13 Things You Never Knew About Commencement Speeches

The word commencement isn’t the only relic from graduation ceremonies of yore. We’ve also kept the caps, the gowns, and, yes, the speeches.

Why is it called a “commencement” speech?

The historical answer is that students in medieval times entered universities as apprentices and left able to “commence” their professions. The word commencement isn’t the only relic from graduation ceremonies of yore. We’ve also kept the caps, the gowns, and, yes, the speeches.

The earliest commencement speakers were graduating students who delivered their speeches in Latin

At Princeton University, the senior chosen to give the salutatory ­address still does it in Latin. The graduates receive special copies of the speech with instructions—in ­En­glish—on when to laugh, in the hope that the rest of the audi­ence will be impressed with the students’ Latin “fluency.”

They often make history

While a commencement speech is meant to be significant to the graduates, sometimes it actually makes history. In 1947, Secretary of State George C. Marshall gave an address at Harvard University’s graduation that outlined a program to help European nations devastated by World War II. We know it today as the Marshall Plan.

Prominent speakers come at a premium

Matthew McConaughey raked in $135,000 for the address he gave at the University of Houston in 2015. Katie Couric banked $110,000 at the University of Oklahoma in 2006. For a ten-minute speech, that comes to more than $600,000 per hour.

That said, only 30 percent of universities pay their speakers

The rest rely on alumni or famous friends who will do it for free. Some forgo a paycheck in exchange for an honorary degree, but certain schools, such as Cornell University, don’t award any—the board of trustees thinks they cheapen a hard-earned education.

It can be a last-minute scramble

Many colleges extend invitations to coveted speakers a year or more in advance, but securing a speaker early doesn’t make a school immune to a last-minute scramble. Just a month before its 2015 ceremony, Temple University announced that ESPN anchor Kevin Negandhi would give the commencement address in place of the school’s original pick—Bill Cosby.

You don’t have to be human to give a graduation speech

Kermit the Frog gave the commencement address at Southampton College in 1996 and received an honorary doctorate in “Amphibious Letters” from the school. In 2012 at the University of Vermont, Tom Kenny and Bill Fagerbakke delivered their speech as a dialogue between their better-known characters, SpongeBob SquarePants and Patrick Star.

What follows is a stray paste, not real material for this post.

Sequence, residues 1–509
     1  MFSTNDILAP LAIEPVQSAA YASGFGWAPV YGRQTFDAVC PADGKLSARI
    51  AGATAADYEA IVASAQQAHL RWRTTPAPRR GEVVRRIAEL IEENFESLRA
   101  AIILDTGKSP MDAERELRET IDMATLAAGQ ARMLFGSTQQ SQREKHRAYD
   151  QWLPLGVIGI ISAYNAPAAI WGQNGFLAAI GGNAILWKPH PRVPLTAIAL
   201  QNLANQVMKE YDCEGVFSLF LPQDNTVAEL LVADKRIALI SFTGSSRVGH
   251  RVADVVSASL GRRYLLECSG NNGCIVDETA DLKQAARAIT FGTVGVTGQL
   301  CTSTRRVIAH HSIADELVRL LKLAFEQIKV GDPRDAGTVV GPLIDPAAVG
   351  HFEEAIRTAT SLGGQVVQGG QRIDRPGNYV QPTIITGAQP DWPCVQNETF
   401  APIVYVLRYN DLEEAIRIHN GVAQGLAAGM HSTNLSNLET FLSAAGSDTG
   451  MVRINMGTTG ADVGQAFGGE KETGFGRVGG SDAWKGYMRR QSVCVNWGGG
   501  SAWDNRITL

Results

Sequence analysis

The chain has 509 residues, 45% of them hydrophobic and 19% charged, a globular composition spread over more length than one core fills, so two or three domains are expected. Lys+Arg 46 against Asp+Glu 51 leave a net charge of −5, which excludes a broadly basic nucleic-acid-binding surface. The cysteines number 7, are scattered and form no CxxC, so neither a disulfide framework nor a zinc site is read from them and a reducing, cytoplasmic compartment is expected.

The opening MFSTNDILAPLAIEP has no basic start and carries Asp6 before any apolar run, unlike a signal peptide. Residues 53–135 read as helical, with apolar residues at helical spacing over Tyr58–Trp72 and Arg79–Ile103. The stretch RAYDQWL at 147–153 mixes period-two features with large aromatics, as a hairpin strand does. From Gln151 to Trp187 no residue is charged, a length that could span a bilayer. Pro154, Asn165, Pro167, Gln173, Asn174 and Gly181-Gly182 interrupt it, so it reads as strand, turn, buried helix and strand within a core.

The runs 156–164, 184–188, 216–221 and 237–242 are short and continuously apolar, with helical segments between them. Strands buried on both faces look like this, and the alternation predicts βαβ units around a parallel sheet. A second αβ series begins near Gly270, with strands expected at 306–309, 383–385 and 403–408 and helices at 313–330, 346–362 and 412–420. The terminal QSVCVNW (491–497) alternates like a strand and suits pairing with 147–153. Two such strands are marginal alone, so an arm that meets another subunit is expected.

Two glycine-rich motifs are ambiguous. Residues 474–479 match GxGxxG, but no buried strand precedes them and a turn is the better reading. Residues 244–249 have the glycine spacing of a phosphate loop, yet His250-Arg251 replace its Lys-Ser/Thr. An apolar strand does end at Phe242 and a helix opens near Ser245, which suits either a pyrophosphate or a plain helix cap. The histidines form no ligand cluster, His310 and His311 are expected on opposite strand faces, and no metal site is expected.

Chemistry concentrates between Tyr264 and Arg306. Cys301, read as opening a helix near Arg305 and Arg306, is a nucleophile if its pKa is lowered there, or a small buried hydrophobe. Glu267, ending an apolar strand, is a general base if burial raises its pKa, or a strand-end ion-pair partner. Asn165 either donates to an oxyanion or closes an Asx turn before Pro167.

One speaker pledged to pay off student debt

One of the most celebrated commencement speakers of late was billionaire investor Robert F. Smith, who gave the address at Morehouse College last year. Smith offered more than just words of ­encouragement. He pledged to pay off the student debt of all 396 graduates. Months later, Smith announced he would also foot the bill for the federal student loans their parents had taken out.

Another promised college tuition

Another famous benediction benefactor was Eugene Lang, who promised the 1981 sixth-grade class at his old elementary school in Harlem that he would pay their college tuition as long as they graduated from high school. More than half of those 61 kids pursued higher education. Since then, Lang’s national “I Have a Dream” Foundation has helped 18,000 disadvantaged students go to college.

A speech for one

When eighth-grader Gwen Lynch graduated from her one-room schoolhouse on Cuttyhunk Island in Massachusetts last year, she was the only student in her class. She still got a big-time commencement speaker—actor Jenny Slate, who lived nearby. Slate later said of Lynch, “She goes to school by herself and still has more friends than I had as a teenager.”

Lauren Graham talked about her library fines

In her 2017 speech at Langley High School in Virginia, actor Lauren Graham recalled that her own graduation from the same school felt like “an empty victory.” In fact, the folder she received that day was empty. Graham didn’t receive her diploma until she paid her library fines (she never returned Robinson Crusoe). These stories of 11 crazy overdue library books that were finally returned will make you chuckle if you’ve ever committed the offense, too.

Even if you miss the ceremony, you can still enjoy a good graduation speech

NPR created an archive of more than 350 addresses, called “The Best Commencement Speeches Ever.” But you’ll have to read some of them, as NPR—get this—doesn’t have all the audio files.

So what was the best commencement speech ever?

There’s a lot of support for Steve Jobs’s address at Stanford University in 2005. Months after receiving a cancer diagnosis, Jobs told the graduates, “Remembering I’ll be dead soon helps me make the big choices in life, because almost ­everything—­expectation, pride, fear of embarrassment or failure—fall away in the face of death, leaving only what is truly important.”

Reader's Digest
Originally Published in Reader's Digest